Yeah it’s literally in the article. This is what they’re losing in large part from continuing to pay employees who aren’t working. I love Reddit but the edgy “can’t do right” attitude around corporations or anyone with more than $5 in their pocket really pisses me off


I don't understand all these companies being reluctant to pull out of Russia. The Ruble is worth nothing now. I would imagine it wouldn't be profitable to continue operating there.


I get all the people saying just pull out it’s not that much money but it’s more than just money. I work for a company that just pulled out of Russia. Guess what now all my Russian team mates are out of jobs. They were told they would help them find new jobs in the company in another country but how will they logistically move their life over night. It’s a really tricky situation and it sucks for the average Russian person. Putin really fucked his own on this one.


Lol, ruble might be worth less but a lot of business is still there. Like software development - for our company it meant telling 130 people that they're out of jobs, many cried. We have projects with clients around the globe that need finishing that depended on these 130 people - we can't replace them just like that as market already lacks specialists in other countries. We are helping them to move but we're looking at only approx 40% of people willing to move. McDonald's obviously has different issues but think of it as well established business capable of earning, as title suggests, 40mil per month. Sure, that figure will be 50% less with ruble dropping but think of it when war ends and Russia decides to rebuild it's image - it will take years before they can reach that 40mil figure again. Companies are reluctant because it means losing revenue stream for many years to come as well as letting your people know that their main source of income is gone. And don't give me crap that companies don't care about people - that can only be said by someone who doesn't work in senior leadership and doesn't know that it's not easy to replace people.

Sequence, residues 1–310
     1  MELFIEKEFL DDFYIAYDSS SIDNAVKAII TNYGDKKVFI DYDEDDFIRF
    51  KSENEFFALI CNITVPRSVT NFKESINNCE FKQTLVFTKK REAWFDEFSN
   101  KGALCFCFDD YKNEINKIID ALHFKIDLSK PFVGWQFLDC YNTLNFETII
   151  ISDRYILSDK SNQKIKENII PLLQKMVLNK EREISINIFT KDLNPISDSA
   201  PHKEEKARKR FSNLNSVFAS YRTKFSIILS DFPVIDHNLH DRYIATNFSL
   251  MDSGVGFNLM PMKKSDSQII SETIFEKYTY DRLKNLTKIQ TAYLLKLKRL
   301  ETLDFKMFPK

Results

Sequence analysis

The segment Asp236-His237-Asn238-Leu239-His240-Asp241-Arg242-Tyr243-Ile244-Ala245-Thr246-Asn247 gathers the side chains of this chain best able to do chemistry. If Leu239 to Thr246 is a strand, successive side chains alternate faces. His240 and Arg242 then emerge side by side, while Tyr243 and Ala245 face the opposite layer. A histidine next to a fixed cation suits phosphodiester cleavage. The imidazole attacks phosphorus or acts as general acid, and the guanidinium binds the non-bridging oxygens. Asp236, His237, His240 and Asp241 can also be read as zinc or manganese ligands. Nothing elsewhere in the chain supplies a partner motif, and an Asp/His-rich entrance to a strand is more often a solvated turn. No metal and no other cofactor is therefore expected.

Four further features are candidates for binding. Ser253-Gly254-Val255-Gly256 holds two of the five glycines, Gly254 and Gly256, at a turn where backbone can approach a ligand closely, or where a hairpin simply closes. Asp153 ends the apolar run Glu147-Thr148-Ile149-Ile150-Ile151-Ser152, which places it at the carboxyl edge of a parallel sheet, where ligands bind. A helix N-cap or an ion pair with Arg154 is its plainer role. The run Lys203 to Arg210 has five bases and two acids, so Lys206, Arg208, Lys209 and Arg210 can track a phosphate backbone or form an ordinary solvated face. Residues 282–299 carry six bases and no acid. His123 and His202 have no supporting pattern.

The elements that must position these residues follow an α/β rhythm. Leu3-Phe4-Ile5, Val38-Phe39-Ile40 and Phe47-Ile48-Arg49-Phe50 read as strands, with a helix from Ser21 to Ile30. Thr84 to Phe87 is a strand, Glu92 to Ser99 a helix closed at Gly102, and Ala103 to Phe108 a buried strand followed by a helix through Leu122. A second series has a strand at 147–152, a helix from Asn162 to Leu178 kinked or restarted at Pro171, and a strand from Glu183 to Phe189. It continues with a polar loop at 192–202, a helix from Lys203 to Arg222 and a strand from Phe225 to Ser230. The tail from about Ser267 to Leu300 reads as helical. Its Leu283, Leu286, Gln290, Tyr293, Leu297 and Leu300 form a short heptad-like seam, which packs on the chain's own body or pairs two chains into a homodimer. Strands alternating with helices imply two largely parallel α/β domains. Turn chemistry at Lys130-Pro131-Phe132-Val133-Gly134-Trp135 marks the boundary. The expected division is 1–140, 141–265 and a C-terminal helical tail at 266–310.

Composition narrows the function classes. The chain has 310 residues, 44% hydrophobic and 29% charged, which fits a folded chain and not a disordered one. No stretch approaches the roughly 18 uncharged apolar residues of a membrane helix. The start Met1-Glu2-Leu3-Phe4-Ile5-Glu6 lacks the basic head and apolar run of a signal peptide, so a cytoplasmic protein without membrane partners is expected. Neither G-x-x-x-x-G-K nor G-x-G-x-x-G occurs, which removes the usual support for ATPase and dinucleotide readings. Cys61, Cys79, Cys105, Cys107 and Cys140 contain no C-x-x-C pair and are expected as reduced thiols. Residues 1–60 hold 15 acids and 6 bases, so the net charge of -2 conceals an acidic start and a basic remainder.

It’s only lost a third of its value. It’s not as dramatic as the clickbait headlines suggest.


Not nearly as much as the goodwill they stand to gain from doing so, so stick to it!




“Things I don’t give a McFuck About” for $200, Alex.


I bet you would if the headline were “McDonalds Continuing Business in Russia”


But they can’t pay a living wage in the US


Isn't that the American way?


What's a living wage?


If they could close down in my country as well that be great


They'll just have to grimace and bear it.